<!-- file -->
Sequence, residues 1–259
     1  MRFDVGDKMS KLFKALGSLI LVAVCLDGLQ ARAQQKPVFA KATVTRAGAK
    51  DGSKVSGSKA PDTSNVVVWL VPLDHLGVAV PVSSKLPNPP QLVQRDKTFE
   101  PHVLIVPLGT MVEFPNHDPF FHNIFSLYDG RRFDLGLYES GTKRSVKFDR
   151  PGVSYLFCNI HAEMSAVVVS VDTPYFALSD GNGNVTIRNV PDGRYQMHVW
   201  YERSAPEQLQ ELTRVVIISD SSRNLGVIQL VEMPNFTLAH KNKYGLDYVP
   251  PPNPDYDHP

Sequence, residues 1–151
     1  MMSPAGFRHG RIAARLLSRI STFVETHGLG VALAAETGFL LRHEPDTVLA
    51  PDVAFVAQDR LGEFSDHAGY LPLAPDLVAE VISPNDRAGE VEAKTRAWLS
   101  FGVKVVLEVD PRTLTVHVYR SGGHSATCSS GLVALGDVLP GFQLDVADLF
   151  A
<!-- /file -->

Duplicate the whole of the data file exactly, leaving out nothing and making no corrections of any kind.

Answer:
Sequence, residues 1–259
     1  MRFDVGDKMS KLFKALGSLI LVAVCLDGLQ ARAQQKPVFA KATVTRAGAK
    51  DGSKVSGSKA PDTSNVVVWL VPLDHLGVAV PVSSKLPNPP QLVQRDKTFE
   101  PHVLIVPLGT MVEFPNHDPF FHNIFSLYDG RRFDLGLYES GTKRSVKFDR
   151  PGVSYLFCNI HAEMSAVVVS VDTPYFALSD GNGNVTIRNV PDGRYQMHVW
   201  YERSAPEQLQ ELTRVVIISD SSRNLGVIQL VEMPNFTLAH KNKYGLDYVP
   251  PPNPDYDHP

Sequence, residues 1–151
     1  MMSPAGFRHG RIAARLLSRI STFVETHGLG VALAAETGFL LRHEPDTVLA
    51  PDVAFVAQDR LGEFSDHAGY LPLAPDLVAE VISPNDRAGE VEAKTRAWLS
   101  FGVKVVLEVD PRTLTVHVYR SGGHSATCSS GLVALGDVLP GFQLDVADLF
   151  A